A place for my photographs to live, along with other random things.

I like to explore and take photographs, whether it be disused buildings or just something random that I happen to like the look of.

I'm currently in the process of adding content from my recent trip to the Ukraine.

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Cardiff City Asylum, Whitchurch - August 2017

I'd wanted to get back here since having a whip around the outside last December, so it was nice to get back and actually have somewhat of a proper look. We had no where near time to do a proper job, so will have to head back again some time. Large portions of the place seem to be locked up tight, but there's a few wards and the usual target spots (admin, hall etc) that are doable. I'm sure that in time more will open.

Having missed the boat in terms of seeing other asylums in none knackered states it was quite nice to see one so intact and also relatively unmodernised for the most part. Will have to get back soon I think, itching for more.

The population of Cardiff had expanded greatly, from under 20,000 in 1851 to over 40,000 less than 20 years later. By 1890 there were 476 Cardiff residents "boarded out" in the Glamorgan Asylum, and a further 500 to 600 being held in hospitals as far away as Chester and Carmarthen.

Whitchurch Hospital, with the 150 feet (46 m) water tower, built over the power house Costing £350,000 and ten years to build, the Cardiff City Asylum opened on 15 April 1908. The main hospital building covered 5 acres (2.0 ha), designed to accommodate 750 patients across 10 wards, 5 each for men and women. Like many Victorian institutes, it was designed as a self-contained institute, with its own 150 feet (46 m) water tower atop a power house containing two Belliss and Morcom steam engine powered electric generator sets, which were only removed from standby in the mid-1980s. The site also contained a farm, which provided both food supplies and therapeutic work for the patients.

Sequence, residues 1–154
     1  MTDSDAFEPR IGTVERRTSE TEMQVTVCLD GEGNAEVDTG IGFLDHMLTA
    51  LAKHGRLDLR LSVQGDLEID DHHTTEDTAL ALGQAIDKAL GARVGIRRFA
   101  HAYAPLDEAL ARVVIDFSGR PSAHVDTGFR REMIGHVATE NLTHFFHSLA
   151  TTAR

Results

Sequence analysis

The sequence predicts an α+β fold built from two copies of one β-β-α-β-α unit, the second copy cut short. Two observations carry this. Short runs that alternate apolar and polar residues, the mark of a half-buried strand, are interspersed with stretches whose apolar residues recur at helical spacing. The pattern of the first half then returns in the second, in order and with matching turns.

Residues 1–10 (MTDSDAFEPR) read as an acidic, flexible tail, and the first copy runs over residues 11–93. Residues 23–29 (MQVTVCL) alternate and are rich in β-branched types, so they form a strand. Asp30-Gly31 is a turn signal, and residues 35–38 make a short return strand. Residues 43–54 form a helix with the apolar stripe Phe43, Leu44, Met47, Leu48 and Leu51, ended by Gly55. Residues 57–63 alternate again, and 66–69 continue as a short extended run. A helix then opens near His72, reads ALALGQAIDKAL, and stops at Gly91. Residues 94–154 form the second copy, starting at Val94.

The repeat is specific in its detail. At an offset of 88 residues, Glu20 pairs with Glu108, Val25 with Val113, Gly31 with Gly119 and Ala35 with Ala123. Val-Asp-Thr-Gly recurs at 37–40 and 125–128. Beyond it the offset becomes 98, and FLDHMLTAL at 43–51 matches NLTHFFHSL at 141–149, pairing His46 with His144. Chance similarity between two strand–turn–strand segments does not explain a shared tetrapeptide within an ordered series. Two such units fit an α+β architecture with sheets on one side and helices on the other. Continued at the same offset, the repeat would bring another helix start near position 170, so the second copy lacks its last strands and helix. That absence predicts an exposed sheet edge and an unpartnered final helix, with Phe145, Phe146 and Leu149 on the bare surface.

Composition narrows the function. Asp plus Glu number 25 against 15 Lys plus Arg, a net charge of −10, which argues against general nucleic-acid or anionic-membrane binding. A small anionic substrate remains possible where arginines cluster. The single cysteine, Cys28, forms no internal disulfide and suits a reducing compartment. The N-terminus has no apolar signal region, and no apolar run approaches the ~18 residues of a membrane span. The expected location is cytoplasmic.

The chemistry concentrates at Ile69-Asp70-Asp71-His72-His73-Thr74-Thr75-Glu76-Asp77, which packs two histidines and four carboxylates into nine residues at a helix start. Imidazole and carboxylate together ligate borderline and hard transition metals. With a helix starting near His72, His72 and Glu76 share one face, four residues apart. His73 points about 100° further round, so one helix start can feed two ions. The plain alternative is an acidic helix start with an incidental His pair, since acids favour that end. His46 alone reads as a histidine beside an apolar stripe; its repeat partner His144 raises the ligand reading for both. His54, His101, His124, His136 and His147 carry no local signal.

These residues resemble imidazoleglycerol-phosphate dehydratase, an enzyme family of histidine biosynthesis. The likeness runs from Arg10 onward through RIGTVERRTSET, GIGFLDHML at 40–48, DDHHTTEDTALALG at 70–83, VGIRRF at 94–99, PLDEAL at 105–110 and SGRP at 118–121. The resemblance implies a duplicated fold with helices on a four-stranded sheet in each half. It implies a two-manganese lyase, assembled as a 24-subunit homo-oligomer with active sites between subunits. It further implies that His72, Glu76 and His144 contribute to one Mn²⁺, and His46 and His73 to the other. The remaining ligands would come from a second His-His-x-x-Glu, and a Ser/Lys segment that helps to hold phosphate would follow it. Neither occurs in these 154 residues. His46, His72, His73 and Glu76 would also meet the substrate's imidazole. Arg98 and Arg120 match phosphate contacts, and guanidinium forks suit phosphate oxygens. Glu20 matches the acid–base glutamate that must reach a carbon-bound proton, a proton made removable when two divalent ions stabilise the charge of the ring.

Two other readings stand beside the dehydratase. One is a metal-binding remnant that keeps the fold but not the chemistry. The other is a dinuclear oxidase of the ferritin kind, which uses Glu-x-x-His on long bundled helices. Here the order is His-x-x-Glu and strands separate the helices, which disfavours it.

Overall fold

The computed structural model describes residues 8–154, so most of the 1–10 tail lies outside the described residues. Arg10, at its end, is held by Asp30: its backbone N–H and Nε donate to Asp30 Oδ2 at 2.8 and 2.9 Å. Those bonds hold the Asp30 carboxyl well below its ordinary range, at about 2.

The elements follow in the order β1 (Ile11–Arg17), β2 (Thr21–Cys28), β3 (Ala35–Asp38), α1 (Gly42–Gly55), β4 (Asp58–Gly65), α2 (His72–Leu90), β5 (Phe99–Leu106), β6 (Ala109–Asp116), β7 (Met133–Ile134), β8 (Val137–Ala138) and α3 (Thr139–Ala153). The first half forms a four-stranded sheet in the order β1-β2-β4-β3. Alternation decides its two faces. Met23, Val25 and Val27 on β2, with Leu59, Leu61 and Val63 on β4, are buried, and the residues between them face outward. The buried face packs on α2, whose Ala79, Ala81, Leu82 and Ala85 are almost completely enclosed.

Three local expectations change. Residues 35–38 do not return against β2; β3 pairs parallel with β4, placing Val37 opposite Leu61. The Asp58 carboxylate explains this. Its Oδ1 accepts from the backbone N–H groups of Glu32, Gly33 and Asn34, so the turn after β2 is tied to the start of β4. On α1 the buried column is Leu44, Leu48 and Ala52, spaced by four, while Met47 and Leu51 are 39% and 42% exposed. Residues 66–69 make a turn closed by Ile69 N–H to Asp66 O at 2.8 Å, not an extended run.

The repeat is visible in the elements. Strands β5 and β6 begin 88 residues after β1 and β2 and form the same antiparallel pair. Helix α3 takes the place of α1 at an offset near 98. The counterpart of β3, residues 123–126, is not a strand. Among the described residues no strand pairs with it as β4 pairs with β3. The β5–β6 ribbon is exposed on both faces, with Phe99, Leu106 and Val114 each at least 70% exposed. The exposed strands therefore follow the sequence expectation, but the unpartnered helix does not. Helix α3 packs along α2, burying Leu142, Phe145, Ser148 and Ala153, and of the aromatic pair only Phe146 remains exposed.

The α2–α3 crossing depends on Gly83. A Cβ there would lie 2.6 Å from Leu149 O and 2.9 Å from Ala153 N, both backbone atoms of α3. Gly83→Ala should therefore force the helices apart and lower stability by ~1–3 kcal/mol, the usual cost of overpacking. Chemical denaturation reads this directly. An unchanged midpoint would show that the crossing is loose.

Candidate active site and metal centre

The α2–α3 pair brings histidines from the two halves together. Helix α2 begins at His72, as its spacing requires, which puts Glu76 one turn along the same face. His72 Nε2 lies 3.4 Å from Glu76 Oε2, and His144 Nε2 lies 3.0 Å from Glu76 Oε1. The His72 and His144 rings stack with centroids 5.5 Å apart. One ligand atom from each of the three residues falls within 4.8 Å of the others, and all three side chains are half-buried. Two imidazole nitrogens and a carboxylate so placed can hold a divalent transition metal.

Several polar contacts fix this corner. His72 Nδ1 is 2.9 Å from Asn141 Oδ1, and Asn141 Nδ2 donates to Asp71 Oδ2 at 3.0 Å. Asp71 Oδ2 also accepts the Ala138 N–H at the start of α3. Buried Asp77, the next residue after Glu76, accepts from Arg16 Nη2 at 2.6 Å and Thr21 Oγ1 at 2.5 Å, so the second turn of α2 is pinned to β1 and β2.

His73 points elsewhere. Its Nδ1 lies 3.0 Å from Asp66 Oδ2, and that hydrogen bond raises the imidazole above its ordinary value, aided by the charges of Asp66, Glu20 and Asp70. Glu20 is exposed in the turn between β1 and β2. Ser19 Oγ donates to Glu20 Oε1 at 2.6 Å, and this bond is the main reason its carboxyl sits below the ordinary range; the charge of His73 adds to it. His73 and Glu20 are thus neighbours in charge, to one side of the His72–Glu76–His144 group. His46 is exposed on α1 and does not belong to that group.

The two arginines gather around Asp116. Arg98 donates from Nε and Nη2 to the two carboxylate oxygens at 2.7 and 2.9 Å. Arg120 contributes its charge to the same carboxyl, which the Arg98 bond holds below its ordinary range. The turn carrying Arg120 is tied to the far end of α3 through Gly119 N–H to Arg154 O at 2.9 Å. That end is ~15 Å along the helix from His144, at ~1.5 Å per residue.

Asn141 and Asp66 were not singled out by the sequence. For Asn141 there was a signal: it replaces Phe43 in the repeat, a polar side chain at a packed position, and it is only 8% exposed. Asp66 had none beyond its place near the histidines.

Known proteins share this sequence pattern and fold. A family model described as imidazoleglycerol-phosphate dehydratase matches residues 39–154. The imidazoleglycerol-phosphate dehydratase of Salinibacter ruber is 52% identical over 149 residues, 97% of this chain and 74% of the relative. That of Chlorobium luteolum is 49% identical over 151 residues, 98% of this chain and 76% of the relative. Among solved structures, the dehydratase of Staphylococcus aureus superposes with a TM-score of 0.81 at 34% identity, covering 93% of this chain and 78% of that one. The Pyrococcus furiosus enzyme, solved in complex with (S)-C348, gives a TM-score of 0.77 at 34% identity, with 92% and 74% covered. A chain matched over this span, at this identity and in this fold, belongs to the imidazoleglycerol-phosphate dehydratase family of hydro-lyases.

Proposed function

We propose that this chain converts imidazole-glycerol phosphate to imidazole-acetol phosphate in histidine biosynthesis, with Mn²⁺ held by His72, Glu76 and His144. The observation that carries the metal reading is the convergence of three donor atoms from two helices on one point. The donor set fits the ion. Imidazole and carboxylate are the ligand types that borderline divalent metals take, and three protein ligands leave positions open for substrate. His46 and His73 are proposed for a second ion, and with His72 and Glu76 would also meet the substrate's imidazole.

The first medical superintendent was Dr Edwin Goodhall, whose then advanced approaches and therapies resulted in the hospital acquiring a reputation at the forefront of mental health care. Patients were also encouraged to take work and supervised tours outside the institute.

During World War I, the facility was called the Welsh Metropolitan War Hospital.

During World War II, part of the hospital was turned over to the military, becoming the largest emergency service hospital in South Wales, treating British, US Army and German personnel. 200 beds were retained for civilian use, which enabled early treatment of post traumatic stress disorder of military patients.

On 5 July 1948, the hospital was taken over by the Ministry of Health as the National Health Service came into existence. It continued to be used through to the mid-1980s, when care in the community began to reduce the number of resident patients.

With the current facilities considered unsuitable for the requirements of 21st century psychiatry, in the 2000s an ongoing programme to phase out and replace the old building took place. Some facilities were moved to newly built units elsewhere, such as the acute psychiatric wards at the Llanfair Unit, Llandough Hospital. Other wards have been replaced by community-based services such as Crisis Resolution and Home Treatment Teams.

In November 2010 the Cardiff and Vale University Health Board decided that it was preferable to centralise all adult mental health care services at Llandough. Plans for a residential development of 150 houses and 180 flats on the Whitchurch site had first been raised in 1996 and provisionally agreed in 2001. Outline planning permission for the scheme was renewed in February 2012 for a further 4 years.